Judge Awards Verizon $33.5M in Cybersquatting case

David Naffziger Dec 24, 2008

Verizon issued a press release today that announced a record $33.5M cybersquatting judgment against OnlineNIC. There were 663 domains in question and the judge chose to award $50K per domain, presumably under the guidelines of the Anti-Cybersquatting Protection Act (ACPA), which allow a penalty of between $1K and $100K per domain. Very little is known about the actual case, and nearly all of the blog posts and press coverage simply restate the press release.

The Justia docs from the case are still behind the PACER pay wall, but there are a few interesting aspects that should be mentioned and hopefully cleared up in the next few days:

  • Was OnlineNIC registering and directly profiting from these domains, or were they serving as a registrar for third parties? Anyone can register domains at OnlineNIC today, so it is conceivable that these were domains registered by OnlineNIC customers. If so, this may have implications for large registrars in particular (GoDaddy, Network Solutions, etc.) For example, look at the whois of verizonphnes.com registered at OnlineNIC - it is actually registered by an individual in Thailand.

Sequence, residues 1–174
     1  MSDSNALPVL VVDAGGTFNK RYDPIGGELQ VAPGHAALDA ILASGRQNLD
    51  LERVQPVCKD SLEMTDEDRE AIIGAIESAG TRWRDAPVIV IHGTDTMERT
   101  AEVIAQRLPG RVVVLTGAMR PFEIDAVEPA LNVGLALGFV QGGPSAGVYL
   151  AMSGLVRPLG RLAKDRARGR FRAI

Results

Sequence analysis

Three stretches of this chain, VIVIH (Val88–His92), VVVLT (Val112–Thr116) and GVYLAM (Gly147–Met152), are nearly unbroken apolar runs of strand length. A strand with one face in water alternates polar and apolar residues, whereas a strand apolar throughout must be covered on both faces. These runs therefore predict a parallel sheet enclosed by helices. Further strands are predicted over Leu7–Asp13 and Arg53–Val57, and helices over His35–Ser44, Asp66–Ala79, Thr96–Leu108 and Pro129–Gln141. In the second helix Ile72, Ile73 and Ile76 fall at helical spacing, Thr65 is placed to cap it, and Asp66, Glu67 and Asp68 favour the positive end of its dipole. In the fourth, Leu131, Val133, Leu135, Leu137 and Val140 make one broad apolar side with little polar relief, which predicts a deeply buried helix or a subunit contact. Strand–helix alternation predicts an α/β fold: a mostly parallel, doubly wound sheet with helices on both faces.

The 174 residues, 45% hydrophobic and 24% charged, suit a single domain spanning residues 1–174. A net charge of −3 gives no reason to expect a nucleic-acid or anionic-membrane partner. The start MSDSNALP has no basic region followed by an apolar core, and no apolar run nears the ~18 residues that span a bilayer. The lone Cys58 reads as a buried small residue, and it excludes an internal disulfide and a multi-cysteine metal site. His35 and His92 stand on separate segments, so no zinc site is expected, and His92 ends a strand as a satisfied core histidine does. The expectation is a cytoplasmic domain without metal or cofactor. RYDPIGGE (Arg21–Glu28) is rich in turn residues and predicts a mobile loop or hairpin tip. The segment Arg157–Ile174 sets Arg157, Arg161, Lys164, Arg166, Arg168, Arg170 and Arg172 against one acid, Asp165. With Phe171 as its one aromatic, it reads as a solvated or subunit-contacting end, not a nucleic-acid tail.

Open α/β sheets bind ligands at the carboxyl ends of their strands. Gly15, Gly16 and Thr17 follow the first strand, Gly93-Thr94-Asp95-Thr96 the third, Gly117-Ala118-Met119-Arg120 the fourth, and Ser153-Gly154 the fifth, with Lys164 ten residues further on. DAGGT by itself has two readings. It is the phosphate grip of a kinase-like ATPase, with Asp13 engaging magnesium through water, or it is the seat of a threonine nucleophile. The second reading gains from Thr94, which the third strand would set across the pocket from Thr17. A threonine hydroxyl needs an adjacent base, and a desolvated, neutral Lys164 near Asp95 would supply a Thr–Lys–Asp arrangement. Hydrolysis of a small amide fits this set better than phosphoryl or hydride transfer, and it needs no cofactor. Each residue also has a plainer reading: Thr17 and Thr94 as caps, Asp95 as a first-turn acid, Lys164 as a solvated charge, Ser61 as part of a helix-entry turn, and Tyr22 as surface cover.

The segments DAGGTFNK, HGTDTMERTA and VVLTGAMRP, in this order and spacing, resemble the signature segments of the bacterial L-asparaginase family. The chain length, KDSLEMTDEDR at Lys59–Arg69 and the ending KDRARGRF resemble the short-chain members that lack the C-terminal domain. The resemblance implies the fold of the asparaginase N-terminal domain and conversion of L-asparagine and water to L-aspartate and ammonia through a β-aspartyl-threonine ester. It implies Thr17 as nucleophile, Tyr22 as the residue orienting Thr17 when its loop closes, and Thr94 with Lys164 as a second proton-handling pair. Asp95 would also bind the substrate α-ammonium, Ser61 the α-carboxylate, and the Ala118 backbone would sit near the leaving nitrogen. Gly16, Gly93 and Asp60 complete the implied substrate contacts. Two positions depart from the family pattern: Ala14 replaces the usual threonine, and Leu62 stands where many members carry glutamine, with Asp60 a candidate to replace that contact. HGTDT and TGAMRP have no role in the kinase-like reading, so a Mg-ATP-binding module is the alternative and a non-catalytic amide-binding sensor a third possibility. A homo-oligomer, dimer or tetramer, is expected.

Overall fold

• Where is OnlineNIC headquartered? Although they list an address in San Francisco under their Internic registration, Verizon has not been able to locate them. WIPO documents (doc) suggest that they may be headquartered in China.
  • What will happen to the Microsoft case against OnlineNIC? Microsoft has a similar case filed against OnlineNIC. While the details still remain behind the PACER pay wall, I'm sure there are a number of similarities to this case.
  • This was a default judgement. That means that OnlineNIC didn't bother to show up in court. The outcome may have been significantly different had they appeared. This may also suggest that it will be hard for Verizon to collect.

It is great that Verizon went on the offensive against typo squatters. However, they are missing a great opportunity to collect on the tremendous number of infringing domains that remain registered by hundreds of other entities. Verizon should be publishing a process whereby current cybersquatters can return the domains to Verizon.

Topics: affiliate marketing, Trademark and Law, Trademark Bidding

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